D0175 Analysis of the proteomes of Tribolium castaneum elytra and hindwings: a comparison and contrast of hard and membranous cuticle

Tuesday, December 15, 2009
Hall D, First Floor (Convention Center)
Neal T. Dittmer , Department of Biochemistry and Molecular Biophysics, Kansas State University, Manhattan, KS
Yasuaki Hiromasa , Department of Biochemistry, Kansas State University, Manhattan, KS
Richard W. Beeman , Cgahr, USDA - ARS, Manhattan, KS
John M. Tomich , Department of Biochemistry, Kansas State University, Manhattan, KS
Karl J. Kramer , USDA - ARS, Manhattan, KS
Michael R. Kanost , Department of Biochemistry, Kansas State University, Manhattan, KS
The insect cuticle is a remarkable material composed primarily of proteins embedded in a matrix of chitin fibers, with additional stability provided through cross-links with polyphenols. The composition of these components can produce cuticle that varies greatly in its physical properties from hard and rigid to soft and flexible. The elytra of beetles are modified forewings that are heavily sclerotized, and function as a protective covering for the hindwings which have a flexible, membranous cuticle. Thus, the elytra and hindwings of the red flour beetle, Tribolium castaneum, are two structures that offer the possibility of examining both hard and soft cuticle. For this analysis we have performed 2D gel electrophoresis and peptide mass fingerprinting on proteins extracted from the elytra and hindwings of newly molted adults, before sclerotization has occurred, . With this approach we have identified several members of the Rebers and Riddiford (RR) family of structural proteins; some being identified in both the elytra and hindwing while others were detected in only one appendage or the other. Also identified were chitin deacetylases, which may be involved in chitin metabolism. Additionally, we detected phenoloxidase and several members of the yellow gene family which may play a role in melanization and thus, have an effect on pigmentation or immunity. A large number of identified proteins were of unknown function and represent new and interesting classes to study.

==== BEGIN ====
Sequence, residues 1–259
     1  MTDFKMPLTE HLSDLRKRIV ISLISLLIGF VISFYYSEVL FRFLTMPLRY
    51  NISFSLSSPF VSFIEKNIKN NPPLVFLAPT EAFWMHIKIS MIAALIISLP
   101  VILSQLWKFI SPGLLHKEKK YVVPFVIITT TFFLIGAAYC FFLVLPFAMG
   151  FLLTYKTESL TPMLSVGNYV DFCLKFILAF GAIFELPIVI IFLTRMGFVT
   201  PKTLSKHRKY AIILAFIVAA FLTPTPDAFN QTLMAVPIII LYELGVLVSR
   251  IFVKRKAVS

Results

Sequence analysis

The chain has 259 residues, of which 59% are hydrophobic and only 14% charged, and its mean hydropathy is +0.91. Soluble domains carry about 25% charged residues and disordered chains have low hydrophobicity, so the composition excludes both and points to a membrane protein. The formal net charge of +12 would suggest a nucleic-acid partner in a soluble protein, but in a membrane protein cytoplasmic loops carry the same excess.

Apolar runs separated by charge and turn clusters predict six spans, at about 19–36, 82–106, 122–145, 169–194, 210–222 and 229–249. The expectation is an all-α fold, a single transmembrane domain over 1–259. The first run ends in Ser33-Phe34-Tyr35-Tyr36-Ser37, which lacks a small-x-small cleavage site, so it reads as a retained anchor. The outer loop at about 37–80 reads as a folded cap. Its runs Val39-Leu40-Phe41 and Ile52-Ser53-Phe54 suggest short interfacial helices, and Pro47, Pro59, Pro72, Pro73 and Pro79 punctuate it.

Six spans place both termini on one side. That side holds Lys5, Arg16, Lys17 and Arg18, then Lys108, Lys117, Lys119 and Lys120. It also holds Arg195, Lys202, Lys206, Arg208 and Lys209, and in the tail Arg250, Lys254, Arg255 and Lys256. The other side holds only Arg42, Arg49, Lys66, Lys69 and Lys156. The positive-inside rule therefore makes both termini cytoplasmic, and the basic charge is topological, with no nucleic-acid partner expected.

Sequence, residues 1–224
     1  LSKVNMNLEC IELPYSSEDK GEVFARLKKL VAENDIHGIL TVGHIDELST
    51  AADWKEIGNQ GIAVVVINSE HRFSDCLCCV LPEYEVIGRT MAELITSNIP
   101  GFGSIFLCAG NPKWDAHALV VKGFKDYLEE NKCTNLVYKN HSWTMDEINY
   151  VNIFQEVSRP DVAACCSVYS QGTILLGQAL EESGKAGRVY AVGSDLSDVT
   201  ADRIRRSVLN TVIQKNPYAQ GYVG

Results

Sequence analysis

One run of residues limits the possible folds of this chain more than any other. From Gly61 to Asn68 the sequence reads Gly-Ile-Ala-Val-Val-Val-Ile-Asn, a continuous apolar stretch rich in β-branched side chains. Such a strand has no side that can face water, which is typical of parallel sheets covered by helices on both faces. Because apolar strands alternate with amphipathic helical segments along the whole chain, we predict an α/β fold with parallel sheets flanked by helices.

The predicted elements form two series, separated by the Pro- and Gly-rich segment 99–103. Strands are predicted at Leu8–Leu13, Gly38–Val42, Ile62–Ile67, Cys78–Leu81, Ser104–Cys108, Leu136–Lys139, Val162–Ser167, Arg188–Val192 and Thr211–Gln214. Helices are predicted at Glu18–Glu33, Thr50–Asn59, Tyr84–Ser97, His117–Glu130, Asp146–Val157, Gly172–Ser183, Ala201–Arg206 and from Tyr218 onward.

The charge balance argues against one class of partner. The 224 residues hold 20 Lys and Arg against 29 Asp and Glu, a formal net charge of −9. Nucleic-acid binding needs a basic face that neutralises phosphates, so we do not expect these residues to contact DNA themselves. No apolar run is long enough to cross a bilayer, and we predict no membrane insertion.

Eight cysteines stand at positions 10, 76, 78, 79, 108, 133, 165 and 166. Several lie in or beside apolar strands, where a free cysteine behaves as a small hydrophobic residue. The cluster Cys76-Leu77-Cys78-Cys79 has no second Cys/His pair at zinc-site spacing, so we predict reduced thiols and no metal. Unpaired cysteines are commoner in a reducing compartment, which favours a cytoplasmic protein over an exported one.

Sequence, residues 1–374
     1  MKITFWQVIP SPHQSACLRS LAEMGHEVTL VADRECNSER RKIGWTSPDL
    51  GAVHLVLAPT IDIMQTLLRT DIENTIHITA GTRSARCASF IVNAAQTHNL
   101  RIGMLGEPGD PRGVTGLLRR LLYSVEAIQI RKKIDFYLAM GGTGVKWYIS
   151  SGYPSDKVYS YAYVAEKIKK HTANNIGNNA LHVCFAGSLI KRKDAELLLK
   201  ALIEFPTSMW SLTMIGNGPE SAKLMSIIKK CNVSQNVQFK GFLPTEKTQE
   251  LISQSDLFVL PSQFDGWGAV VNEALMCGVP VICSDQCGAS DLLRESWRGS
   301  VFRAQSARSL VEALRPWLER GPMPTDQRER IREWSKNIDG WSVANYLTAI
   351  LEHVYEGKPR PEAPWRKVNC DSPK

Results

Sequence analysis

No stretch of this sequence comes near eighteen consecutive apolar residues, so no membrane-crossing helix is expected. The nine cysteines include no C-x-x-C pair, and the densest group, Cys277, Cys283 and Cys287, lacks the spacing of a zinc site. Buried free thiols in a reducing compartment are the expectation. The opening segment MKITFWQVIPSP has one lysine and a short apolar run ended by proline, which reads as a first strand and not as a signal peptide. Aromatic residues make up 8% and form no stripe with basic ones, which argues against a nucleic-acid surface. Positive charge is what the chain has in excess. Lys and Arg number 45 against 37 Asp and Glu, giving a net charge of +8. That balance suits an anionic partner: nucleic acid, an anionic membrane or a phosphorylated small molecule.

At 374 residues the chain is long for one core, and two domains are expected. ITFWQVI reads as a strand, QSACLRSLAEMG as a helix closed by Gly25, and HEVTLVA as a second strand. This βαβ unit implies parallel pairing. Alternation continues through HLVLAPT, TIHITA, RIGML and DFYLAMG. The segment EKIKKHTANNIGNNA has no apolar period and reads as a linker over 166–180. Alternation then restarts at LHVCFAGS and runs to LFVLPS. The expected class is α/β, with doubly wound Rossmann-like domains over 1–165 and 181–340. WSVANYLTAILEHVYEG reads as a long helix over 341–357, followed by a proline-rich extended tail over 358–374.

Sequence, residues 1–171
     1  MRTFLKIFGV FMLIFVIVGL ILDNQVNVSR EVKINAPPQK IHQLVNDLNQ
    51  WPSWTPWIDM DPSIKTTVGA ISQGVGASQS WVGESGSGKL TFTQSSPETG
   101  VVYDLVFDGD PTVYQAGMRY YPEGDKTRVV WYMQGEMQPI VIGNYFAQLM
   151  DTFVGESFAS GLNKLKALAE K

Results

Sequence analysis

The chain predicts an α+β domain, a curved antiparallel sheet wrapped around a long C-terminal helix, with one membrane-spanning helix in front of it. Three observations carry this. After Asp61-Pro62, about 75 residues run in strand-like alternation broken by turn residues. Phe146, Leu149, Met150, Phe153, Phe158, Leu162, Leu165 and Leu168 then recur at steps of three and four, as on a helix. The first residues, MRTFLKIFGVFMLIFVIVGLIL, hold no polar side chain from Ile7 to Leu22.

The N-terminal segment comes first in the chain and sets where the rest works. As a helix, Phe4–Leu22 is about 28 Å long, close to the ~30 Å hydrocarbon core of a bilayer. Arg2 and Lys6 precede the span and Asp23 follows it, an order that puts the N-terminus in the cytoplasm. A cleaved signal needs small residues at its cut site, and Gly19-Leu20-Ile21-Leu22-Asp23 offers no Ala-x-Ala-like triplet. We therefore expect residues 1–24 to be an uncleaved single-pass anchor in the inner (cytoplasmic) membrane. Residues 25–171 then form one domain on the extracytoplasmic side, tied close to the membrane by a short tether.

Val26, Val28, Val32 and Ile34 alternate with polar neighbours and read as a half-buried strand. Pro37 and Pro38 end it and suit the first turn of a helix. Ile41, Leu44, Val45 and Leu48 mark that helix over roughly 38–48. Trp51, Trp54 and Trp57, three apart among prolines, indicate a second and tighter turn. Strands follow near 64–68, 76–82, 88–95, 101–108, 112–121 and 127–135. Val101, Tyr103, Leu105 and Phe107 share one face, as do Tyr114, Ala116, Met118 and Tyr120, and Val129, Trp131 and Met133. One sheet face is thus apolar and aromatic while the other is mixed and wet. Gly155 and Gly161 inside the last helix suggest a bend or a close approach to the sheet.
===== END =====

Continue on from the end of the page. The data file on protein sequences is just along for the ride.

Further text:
doi: 10.1603/ICE.2016.43272